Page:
August 2002, VOLUME110 /ISSUE Supplement 2

Comparison of the Cost-Effectiveness of Budesonide and Sodium Cromoglycate in the Management of Childhood Asthma in Everyday Clinical Practice

  1. Otto Liao, MD,
  2. Stanley Galant, MD
  1. Orange, CA

Purpose of the Study. Both inhaled glucocorticosteroids and sodium cromoglycate are recommended as first-line maintenance drugs for the control of persistent asthma. The objective of this study was to compare the cost-effectiveness of these 2 treatment strategies in everyday clinical practice.

Study Population. Children, 5 to 11 years old, with mild to moderate persistent asthma not previously treated with inhaled steroids or cromones.

Methods. The children were recruited from 10 secondary care centers in Sweden. The study was performed as a randomized, parallel-group, open-label pharmacoeconomic clinical trial. After the asthma was first stabilized using 4 to 6 weeks of inhaled budesonide, the children received either budesonide 200 to 400 μg twice daily (N = 69) or sodium cromoglycate 20 mg 3 times a day (N = 69) as maintenance therapy for 12 months. To better simulate normal clinical practice, investigators were instructed to maintain asthma control with normal procedures, including the ability to switch patients from one study treatment to the other, use additional therapy when required, or alter dosages as needed. Direct health care consumption costs and indirect costs attributable to loss of productivity by the family were recorded along with lung function and asthma symptoms.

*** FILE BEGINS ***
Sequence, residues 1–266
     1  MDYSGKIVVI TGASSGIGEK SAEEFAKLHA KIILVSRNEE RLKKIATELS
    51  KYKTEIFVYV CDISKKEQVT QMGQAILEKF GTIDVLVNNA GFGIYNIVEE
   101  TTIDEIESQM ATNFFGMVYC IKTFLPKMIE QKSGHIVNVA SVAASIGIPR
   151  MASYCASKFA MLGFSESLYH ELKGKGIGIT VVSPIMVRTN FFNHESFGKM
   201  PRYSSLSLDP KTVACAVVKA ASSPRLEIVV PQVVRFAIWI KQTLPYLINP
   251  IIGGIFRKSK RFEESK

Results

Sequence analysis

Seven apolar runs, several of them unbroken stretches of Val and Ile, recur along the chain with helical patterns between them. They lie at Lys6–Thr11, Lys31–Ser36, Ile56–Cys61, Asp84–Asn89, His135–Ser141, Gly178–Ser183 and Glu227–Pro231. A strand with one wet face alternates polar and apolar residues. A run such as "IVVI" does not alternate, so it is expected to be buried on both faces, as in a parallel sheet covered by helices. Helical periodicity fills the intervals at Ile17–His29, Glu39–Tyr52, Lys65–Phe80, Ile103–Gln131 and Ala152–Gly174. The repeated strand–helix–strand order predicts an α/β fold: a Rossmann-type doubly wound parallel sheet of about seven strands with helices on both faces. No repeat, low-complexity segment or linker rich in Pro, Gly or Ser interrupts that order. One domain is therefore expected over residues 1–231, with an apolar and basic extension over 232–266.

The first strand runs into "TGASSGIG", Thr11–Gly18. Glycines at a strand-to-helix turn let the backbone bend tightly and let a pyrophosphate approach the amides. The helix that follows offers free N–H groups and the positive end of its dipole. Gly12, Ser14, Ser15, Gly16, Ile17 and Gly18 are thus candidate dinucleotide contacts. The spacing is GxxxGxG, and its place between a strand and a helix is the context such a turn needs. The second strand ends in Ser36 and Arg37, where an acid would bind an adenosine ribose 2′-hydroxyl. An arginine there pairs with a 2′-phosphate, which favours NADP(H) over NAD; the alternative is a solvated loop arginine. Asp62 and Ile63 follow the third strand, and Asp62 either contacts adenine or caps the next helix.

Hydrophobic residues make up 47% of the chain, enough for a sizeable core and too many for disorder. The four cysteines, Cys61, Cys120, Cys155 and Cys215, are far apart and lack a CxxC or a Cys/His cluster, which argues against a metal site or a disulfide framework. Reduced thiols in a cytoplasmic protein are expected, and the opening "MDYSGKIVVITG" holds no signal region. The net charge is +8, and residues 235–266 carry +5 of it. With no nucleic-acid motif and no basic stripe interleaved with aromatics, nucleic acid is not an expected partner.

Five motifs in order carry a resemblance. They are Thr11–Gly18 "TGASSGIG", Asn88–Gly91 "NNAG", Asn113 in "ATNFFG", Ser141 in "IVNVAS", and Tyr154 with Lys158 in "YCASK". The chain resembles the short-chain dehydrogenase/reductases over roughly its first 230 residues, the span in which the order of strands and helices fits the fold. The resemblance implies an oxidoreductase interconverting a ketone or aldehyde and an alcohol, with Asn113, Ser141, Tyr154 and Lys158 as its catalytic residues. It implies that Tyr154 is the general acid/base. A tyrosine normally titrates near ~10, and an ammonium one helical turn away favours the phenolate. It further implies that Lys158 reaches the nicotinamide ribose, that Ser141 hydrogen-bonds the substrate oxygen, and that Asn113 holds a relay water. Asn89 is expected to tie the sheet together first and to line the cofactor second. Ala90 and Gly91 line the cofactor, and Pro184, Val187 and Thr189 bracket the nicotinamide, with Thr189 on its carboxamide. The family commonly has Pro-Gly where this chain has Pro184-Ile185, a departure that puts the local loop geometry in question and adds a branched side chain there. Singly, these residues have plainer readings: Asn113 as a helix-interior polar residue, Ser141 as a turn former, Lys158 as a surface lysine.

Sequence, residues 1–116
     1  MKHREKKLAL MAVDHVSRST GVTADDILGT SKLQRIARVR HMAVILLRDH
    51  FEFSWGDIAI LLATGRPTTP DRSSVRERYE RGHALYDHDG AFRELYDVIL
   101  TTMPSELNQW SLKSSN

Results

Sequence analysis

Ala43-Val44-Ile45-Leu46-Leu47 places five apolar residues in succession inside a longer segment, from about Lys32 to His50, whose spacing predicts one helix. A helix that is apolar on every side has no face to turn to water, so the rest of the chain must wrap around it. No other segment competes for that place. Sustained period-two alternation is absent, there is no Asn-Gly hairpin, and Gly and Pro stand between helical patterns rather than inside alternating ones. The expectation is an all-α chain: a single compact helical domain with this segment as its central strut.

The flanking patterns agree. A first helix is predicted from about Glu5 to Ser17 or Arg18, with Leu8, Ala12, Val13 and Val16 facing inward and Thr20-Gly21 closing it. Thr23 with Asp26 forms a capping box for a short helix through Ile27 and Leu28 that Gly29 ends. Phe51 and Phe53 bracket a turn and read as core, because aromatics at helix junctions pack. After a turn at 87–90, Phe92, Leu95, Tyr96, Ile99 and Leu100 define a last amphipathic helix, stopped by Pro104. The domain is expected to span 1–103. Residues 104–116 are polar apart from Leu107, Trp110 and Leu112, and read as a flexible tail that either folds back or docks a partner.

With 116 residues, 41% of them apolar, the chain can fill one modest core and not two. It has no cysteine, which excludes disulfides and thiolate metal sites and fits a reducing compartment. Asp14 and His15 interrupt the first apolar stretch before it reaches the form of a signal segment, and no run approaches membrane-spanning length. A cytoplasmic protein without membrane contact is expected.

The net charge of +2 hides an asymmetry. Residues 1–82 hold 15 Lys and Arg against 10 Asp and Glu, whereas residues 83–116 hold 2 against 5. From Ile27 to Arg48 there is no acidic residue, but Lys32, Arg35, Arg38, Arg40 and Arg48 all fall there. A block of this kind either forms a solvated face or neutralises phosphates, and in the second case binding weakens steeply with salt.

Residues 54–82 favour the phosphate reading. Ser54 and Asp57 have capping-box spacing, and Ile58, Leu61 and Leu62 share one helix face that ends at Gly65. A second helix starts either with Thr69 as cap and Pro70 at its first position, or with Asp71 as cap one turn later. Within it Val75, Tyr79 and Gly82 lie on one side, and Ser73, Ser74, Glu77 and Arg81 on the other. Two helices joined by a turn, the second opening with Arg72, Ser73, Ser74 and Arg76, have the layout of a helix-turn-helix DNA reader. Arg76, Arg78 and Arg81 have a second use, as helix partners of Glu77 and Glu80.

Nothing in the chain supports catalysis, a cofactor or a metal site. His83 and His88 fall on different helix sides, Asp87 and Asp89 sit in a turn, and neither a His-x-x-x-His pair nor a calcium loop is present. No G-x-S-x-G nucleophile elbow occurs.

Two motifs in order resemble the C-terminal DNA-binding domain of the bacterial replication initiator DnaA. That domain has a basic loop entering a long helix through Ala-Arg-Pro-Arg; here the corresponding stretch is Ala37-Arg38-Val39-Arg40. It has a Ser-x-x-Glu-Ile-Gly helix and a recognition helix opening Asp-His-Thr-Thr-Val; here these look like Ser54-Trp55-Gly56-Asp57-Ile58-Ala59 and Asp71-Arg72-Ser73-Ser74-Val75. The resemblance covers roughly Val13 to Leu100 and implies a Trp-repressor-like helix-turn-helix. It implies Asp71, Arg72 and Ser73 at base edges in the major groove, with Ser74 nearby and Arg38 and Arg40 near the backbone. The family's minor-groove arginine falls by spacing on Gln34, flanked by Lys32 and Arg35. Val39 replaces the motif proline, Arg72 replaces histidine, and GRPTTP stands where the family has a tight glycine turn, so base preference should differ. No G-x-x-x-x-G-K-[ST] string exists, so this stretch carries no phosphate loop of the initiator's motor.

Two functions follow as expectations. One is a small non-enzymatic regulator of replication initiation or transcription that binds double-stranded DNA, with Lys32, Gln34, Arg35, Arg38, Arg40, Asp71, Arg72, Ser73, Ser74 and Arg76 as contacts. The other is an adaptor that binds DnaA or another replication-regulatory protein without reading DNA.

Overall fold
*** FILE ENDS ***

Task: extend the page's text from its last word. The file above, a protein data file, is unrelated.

Results. Twenty-nine children (42%) in the cromoglycate arm were switched to budesonide, with 24 (35%) attributable to lack of effect. Despite this, budesonide treatment resulted in a 24% lower annual cost than in those treated with cromoglycate. This trend was not statistically significant. Most of the reduction reflected the direct cost of medication with cromoglycate more than double the daily cost of budesonide. No statistically significant differences were noted in peak flow rate, symptoms, albuterol use or exacerbation rates, although budesonide was superior in almost all categories. However, there was a significant 14% increase in the number of symptom-free days after the change to budesonide from cromoglycate.

Conclusion. The study demonstrates that budesonide resulted in lower costs and less drug switches than a maintenance treatment strategy using sodium cromoglycate.

Reviewers’ Comments. This important long-term study suggests that an inhaled corticosteroid in asthmatic children not only results in lower costs than cromoglycate, but is more effective over a 12-month period. This is supported by the striking findings of the large number (35%) of children who had to switch from cromoglycate to budesonide because of inadequate control. The lack of statistical significance of several of the clinical and economic parameters may be a reflection of the rather small numbers compared and the fact that those remaining in the cromoglycate group were less severe.